"The Conference substitute --

 

* * *

 

"(B) provides for a coupon allotment to provide a nutritionally adequate diet (currently about $106 per month for a family of four), adjusted to reflect changes in food costs, rather than to provide 'lowcost diet ' (currently about $134)." 116 Cong. Rec. 44431 (1970)

 Congress resolved the issue by adopting the conference substitute, being fully aware of the Secretary's intent to use the Economy Plan.

 With the advantage of this statutory background, the Court finds that the Secretary did not abuse the discretion accorded him under the Act and his action in establishing the Economy Food Plan, as the standard for allotments under the Act, is reasonable and consistent with the representations which the Secretary made to Congress of the intent of the Secretary to use the Economy Plan. Congress was fully aware of the Secretary's proposed action at the time it rejected the Low Cost Plan proposed in the Senate version of the bill.

 It may be, as plaintiffs allege, every household, because of its particular composition, will not receive under the program a diet which is exactly equivalent in nutritional adequacy to the diet which some other household of similar size would receive. Such disparities, as plaintiffs allege, may result from the age, sex, health and physical activity of the household members. However, in the area of economics and social welfare, a classification does not fail on equal protection grounds because it is imperfect. It does not offend the Constitution simply because "the classification 'is not made with mathematical nicety or because in practice it results in some inequality. ' . . .. The problems of government are practical ones and may justify, if they do not require, rough accommodations -- illogical, it may be, and unscientific." Dandridge v. Williams, 397 U.S. 471, 485, 90 S. Ct. 1153, 1161, 25 L. Ed. 2d 491 (1970).

 Higher Regional Allotments Are Not Required

 The principle quoted above is likewise applicable to the contention of plaintiffs that a higher food stamp allotment should be provided to eligible households living in the Northeast area of the United States. Plaintiffs assert food costs are higher in the Northeast than in other parts of the United States. Affidavits and other evidence before the Court indicate there may be a somewhat higher cost of food in the Northeast than in other areas. The magnitude of the difference between the parties depends upon whether cost estimates are based upon the food preferences of people who live in the Northeast or simply upon prices for identical food items wherever they may be purchased in the United States. Preferences aside, *fn6" the cost of the Economy Plan in the Northeast is not substantially higher than the cost of the plan in the rest of the contiguous United States. The difference, on the average, is between three and four percent. There is also evidence that food prices differ within the Northeast area. Further, differences in food prices among some of the larger cities in the Northeast are greater than the difference between food prices in the Northeast and in the nation generally.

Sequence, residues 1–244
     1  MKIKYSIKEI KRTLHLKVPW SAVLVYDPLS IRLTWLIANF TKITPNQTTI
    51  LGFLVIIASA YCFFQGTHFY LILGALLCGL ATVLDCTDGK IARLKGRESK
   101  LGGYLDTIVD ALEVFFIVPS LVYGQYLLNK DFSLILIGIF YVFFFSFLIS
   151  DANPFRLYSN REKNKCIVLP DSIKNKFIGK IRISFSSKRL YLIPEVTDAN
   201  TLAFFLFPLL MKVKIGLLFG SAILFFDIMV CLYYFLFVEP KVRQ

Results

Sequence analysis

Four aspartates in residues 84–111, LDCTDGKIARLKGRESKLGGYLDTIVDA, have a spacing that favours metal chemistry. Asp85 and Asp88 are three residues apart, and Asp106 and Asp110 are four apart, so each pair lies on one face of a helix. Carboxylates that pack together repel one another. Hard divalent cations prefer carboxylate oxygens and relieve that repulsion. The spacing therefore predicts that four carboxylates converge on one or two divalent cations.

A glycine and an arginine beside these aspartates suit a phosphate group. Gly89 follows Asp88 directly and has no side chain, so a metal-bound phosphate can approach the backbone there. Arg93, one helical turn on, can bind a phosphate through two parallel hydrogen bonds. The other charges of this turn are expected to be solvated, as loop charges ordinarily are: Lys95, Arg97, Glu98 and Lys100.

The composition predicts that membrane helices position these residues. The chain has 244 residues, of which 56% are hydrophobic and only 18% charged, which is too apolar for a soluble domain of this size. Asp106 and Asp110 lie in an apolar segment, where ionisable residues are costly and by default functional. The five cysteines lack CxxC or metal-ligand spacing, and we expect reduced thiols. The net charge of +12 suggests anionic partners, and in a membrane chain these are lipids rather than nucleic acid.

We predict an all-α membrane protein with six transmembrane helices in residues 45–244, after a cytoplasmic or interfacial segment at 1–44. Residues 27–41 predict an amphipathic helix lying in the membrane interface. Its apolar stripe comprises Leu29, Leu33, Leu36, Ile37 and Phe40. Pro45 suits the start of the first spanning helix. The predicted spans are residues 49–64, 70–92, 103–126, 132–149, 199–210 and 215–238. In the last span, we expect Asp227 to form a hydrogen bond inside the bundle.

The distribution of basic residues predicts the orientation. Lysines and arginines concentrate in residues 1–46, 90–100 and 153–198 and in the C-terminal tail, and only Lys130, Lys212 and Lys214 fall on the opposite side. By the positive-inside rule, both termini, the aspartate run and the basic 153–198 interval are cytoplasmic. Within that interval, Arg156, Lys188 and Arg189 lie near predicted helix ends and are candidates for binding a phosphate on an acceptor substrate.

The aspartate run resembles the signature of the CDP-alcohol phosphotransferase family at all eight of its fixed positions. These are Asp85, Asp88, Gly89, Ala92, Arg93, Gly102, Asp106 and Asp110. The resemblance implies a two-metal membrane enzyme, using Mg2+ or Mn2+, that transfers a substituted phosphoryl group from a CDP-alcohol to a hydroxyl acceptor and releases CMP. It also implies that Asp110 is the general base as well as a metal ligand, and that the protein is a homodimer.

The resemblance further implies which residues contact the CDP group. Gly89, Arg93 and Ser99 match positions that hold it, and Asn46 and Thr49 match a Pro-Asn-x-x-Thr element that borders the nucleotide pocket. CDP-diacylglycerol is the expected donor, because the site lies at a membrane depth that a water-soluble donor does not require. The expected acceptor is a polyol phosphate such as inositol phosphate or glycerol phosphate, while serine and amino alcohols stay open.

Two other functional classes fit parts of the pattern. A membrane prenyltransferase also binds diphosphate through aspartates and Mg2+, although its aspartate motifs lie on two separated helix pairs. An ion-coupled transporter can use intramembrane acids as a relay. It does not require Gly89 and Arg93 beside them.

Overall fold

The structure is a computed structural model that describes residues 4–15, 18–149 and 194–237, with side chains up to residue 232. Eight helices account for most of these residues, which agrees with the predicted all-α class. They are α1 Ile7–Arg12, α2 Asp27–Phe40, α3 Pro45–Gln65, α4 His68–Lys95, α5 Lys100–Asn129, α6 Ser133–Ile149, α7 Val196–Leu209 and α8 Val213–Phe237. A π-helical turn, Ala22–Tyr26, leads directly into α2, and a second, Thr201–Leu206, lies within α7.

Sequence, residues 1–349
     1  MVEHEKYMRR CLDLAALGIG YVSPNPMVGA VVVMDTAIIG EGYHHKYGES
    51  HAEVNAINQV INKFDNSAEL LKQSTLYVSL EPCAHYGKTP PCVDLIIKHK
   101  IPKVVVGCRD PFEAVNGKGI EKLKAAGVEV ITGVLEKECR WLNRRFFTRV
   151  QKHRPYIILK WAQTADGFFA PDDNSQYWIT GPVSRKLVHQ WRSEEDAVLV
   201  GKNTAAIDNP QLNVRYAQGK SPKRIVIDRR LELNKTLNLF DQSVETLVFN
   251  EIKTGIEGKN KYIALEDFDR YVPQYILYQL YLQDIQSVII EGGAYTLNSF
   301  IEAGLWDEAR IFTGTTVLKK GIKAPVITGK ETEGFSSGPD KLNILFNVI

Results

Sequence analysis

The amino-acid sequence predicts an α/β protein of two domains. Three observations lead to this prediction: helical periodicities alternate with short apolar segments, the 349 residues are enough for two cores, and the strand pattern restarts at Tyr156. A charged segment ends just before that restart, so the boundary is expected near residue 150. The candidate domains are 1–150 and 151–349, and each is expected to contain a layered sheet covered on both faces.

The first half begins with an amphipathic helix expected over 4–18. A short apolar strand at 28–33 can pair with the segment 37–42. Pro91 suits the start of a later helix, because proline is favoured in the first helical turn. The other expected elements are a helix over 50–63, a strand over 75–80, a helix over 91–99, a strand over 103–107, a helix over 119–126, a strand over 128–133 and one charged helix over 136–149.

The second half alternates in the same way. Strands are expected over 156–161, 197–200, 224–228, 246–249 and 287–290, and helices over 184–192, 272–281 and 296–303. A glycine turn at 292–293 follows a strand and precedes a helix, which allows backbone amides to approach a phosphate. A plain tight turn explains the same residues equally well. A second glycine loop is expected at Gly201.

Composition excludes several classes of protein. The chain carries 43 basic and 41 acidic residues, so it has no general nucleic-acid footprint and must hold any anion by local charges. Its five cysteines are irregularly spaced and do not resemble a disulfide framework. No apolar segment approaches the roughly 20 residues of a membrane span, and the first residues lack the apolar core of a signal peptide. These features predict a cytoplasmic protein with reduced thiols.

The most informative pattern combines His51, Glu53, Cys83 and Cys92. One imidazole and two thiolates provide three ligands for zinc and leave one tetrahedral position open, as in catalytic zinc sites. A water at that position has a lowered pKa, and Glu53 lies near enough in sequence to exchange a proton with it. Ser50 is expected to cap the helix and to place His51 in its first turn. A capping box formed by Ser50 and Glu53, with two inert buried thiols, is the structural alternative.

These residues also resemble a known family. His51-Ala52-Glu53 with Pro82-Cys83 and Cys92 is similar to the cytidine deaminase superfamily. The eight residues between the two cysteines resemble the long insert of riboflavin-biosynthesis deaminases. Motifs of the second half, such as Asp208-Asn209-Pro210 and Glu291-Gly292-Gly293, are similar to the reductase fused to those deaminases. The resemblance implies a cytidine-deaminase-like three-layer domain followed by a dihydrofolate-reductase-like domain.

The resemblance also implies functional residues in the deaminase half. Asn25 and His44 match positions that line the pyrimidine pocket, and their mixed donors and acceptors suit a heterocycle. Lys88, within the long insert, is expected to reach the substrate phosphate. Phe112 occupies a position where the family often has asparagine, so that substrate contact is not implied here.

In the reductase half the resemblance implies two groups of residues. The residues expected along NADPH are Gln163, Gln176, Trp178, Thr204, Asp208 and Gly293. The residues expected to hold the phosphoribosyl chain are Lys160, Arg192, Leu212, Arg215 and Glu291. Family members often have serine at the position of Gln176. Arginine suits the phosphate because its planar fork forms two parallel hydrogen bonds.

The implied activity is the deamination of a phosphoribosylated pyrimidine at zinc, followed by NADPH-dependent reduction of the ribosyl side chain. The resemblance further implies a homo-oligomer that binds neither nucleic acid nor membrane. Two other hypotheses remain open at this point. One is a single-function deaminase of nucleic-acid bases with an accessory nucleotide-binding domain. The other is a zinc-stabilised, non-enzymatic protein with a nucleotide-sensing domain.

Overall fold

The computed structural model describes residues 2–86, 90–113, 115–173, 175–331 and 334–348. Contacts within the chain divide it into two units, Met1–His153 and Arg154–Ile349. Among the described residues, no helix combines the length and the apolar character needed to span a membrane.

In view of the relatively small difference in price of the same food items in different regions of the United States, the Court finds the Secretary's establishment of uniform allotments for all of the 48 contiguous States is not an abuse of discretion. Even if it were assumed, arguendo, that identical households living in different areas might receive a slightly different benefit from the Food Stamp Program because of differences in cost of food in their respective areas, the differences are not great enough to take the matter out of the range of reasonable alternatives available to the Secretary under the principles discussed above.

 For the foregoing reasons the Court orders that defendants' motion for summary judgment be and the same hereby is granted, and that plaintiffs' motion for partial summary judgment be and the same hereby is denied.